This story reports on two trials that showed adding adding one of two new drugs to standard therapy possibly improved short-term lung function in cystic fibrosis patients who fall into two common categories of gene mutations.
The story wisely included the high cost of some of these compounds, known as CFTR (cystic fibrosis transmembrane conductance regulator) modulators. However, the story did not give enough data to help readers make sense of the scope of the benefits. And while it did contain some caveats about the quality of evidence, those cautions were drowned out by numerous optimistic–and speculative–statements about how the drug will perform in future trials.
Cystic fibrosis is genetic disease affecting about 80,000 people worldwide that leads to early death due to progressive lung disease. In recent years CFTR modulators have been developed to target the mutations themselves by correcting the malfunctioning CFTR protein, which regulates the flow of water and chloride in and out of cells lining the lungs and other organs.
But there are many types of mutations that cause cystic fibrosis, and medications developed thus far have been effective only with certain ones.
More widely effective CFTR modulators could greatly improve and dramatically extend the lives of people with cystic fibrosis. But that remains to be seen. As a result, journalists need to proceed very carefully in reporting about studies that test a small number of patients, measure a limited number of outcomes, and cover a short treatment period–especially when these drugs cost could more than a quarter of a million dollars per year.
The story brought up the “real-world issue of price” if the drugs are approved. It reported that the company that makes them — Vertex Pharmaceuticals — markets the combination of two other CFTR modulators — tezacaftor and ivacaftor — for a list price of $292,000 a year.
Additional cost comes from the continued need for hospitalization on a regular basis, at least for some patients. Treating these patients may well cost millions over the course of a decade.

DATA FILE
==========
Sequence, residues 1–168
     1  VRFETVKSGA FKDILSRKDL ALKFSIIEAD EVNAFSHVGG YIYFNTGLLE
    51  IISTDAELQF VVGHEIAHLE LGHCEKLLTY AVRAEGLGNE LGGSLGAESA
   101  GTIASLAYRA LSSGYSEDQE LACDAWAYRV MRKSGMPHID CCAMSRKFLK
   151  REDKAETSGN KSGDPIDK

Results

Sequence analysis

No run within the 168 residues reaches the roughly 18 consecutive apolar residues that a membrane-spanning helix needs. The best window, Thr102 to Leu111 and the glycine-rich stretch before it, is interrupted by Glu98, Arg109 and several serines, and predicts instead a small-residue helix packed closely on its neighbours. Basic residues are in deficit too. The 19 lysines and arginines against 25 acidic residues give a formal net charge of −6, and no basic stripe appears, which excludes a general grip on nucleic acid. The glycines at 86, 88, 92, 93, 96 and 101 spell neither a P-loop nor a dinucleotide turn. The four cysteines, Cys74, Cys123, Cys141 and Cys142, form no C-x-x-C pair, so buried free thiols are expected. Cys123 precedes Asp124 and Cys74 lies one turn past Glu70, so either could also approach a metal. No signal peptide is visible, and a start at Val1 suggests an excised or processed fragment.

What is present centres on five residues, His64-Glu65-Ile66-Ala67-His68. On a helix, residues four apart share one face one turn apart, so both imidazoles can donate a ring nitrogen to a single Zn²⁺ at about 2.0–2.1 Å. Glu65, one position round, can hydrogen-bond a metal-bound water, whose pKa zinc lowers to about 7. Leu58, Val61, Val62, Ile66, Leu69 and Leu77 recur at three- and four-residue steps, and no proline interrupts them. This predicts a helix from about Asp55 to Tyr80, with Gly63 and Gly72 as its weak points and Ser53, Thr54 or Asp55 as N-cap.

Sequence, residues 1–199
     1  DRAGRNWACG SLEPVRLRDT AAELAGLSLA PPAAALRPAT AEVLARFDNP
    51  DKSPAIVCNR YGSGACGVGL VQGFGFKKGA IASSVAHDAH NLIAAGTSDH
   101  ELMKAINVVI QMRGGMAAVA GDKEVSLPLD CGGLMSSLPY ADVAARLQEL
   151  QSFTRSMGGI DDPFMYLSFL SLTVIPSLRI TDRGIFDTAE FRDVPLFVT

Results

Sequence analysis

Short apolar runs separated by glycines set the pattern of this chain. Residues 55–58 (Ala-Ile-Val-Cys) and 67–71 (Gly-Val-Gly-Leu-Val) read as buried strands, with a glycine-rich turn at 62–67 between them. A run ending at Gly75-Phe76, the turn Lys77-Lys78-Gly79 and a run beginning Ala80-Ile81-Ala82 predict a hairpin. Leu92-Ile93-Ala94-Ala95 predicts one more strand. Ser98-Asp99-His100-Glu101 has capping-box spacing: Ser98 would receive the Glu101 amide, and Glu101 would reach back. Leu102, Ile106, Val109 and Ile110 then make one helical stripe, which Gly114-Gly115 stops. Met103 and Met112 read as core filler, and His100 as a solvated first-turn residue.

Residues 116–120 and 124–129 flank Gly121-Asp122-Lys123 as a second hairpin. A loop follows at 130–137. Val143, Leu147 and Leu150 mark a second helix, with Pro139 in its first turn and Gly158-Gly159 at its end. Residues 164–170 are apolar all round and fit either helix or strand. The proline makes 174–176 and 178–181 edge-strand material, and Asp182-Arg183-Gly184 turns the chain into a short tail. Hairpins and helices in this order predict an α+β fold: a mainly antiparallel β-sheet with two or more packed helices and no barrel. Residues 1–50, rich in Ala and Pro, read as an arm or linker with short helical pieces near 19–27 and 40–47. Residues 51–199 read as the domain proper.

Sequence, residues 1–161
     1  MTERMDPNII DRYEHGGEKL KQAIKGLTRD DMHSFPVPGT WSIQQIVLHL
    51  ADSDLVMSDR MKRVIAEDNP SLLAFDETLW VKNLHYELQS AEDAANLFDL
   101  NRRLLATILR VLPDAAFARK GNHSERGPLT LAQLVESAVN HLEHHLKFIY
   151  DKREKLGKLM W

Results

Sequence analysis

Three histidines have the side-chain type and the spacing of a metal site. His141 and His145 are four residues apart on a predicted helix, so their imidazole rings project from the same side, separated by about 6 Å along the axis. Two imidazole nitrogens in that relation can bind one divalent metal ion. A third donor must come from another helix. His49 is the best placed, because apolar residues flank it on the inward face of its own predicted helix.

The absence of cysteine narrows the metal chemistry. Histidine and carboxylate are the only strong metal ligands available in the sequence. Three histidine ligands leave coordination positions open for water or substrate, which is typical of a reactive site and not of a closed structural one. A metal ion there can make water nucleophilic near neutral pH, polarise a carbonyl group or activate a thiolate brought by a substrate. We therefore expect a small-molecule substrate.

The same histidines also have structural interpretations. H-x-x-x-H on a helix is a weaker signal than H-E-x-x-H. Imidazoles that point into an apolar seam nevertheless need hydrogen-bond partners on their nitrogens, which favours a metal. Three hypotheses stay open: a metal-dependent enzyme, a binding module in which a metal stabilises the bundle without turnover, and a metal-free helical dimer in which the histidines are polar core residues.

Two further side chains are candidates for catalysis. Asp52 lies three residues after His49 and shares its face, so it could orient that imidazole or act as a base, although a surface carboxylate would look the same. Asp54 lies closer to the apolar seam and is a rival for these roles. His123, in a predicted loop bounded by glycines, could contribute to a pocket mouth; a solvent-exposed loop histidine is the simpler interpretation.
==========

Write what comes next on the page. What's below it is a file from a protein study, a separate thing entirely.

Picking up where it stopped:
The story said the patients’ performance on a pulmonary function test called FEV1 rose by “as much as 13 percentage points, on average.” That’s not enough information. What was the average starting number? And how did the control groups do in comparison? We’re not told.
Also, FEV1 is a surrogate marker and we don’t know how it translates into real-world benefits on infection rates, hospitalizations, quality of life and lifespan. That should have been pointed out.
The story reported: “So far, the treatments appear safe. Most side effects in the four-week trials were ‘mild to moderate,’ the researchers said, and included cough, headache and increased sputum.”
The story should also have said that three patients in the VX-445 trial discontinued treatment, due to severe adverse events including intestinal blockages intestines and temporary worsening of lung function. Another three had to temporarily stop treatment due to signs of liver damage, muscle weakness and constipation. Considering the small size of the trial overall, these numbers are important.
This was a tough call, but on balance we believe the story didn’t sufficiently caution readers about the quality of evidence.
On the plus side, it described the findings as “preliminary” and the trial as “short-term,” lasting four weeks. It mentioned outstanding questions such as whether the improved lung function can be sustained over longer periods, and whether the therapy can achieve other meaningful outcomes such as reducing episodes of diminished lung function or helping with weight gain.
It also quoted researcher Steven Rowe, MD, saying these drugs are “not a cure” and that important questions remain, including how well they work for younger patients.
But those cautions might easily be overlooked due to the prominent hype. That included quoted phrases such as “game-changing” and “breakthrough,” as well as researchers expressing speculative optimism that the results “will hold up” in larger, longer-term trials.
In addition, we think that the small size of these trials should have been emphasized. It’s a stretch to conclude a four-week study of just 239 patients, not all of whom received the therapies being tested, amounts to a breakthrough that will help nearly every cystic fibrosis patient.
The story didn’t engage in disease-mongering. It said more than 30,000 people have cystic fibrosis in the U.S., and most have the genetic mutations targeted by these compounds. We also appreciated the genetic descriptions.
The story reported that Vertex Pharmaceuticals, Inc. is developing both experimental drugs. However, it didn’t report the full extent of the conflicts of interest involved in these trials. A majority of the study authors — including one quoted in the story, Steven Rose, MD — reported receiving grants, personal fees, and other compensation from Vertex Pharmaceuticals during the trial period, according to disclosures filed with the journal. In addition, one of the authors is a Vertex employee who holds a relevant patent.
In addition, we think that the story would have benefited greatly from more independent sources to weigh in on the bold claims being made.
The story mentions existing therapies to target the genetic mutations of cystic fibrosis patients. There are other approaches under study such as such gene editing and stem cell replacement, but those have a ways to go scientifically.
It’s clear that these drugs are not on the market.
The story gives a little bit of background on the other drugs, and how the drugs in this trial are novel.
The story did not appear to rely on a news release.